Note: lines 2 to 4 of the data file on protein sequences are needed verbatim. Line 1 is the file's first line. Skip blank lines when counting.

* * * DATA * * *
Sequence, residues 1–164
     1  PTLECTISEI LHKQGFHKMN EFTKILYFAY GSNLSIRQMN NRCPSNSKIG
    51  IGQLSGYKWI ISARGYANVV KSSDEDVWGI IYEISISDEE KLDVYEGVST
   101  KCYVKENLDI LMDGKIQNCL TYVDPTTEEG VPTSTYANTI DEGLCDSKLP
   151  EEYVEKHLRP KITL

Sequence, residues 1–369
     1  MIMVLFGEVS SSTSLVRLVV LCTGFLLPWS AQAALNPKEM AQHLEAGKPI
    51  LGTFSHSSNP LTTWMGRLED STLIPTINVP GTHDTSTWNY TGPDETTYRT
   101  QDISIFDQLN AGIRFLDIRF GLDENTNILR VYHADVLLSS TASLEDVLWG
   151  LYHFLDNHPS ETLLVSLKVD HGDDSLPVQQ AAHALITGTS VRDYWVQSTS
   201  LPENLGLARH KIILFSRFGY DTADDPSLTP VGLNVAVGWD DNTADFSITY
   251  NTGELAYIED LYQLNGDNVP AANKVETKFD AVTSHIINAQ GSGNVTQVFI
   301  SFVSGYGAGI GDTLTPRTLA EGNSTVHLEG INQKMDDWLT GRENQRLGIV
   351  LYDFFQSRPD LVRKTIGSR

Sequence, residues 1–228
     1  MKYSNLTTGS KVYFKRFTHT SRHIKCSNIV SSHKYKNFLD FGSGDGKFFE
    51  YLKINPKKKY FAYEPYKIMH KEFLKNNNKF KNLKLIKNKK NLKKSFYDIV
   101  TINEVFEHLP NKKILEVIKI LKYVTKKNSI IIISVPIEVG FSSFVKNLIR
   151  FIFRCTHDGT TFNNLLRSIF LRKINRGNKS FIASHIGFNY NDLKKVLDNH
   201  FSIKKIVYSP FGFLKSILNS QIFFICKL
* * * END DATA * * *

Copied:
     1  PTLECTISEI LHKQGFHKMN EFTKILYFAY GSNLSIRQMN NRCPSNSKIG
    51  IGQLSGYKWI ISARGYANVV KSSDEDVWGI IYEISISDEE KLDVYEGVST
   101  KCYVKENLDI LMDGKIQNCL TYVDPTTEEG VPTSTYANTI DEGLCDSKLP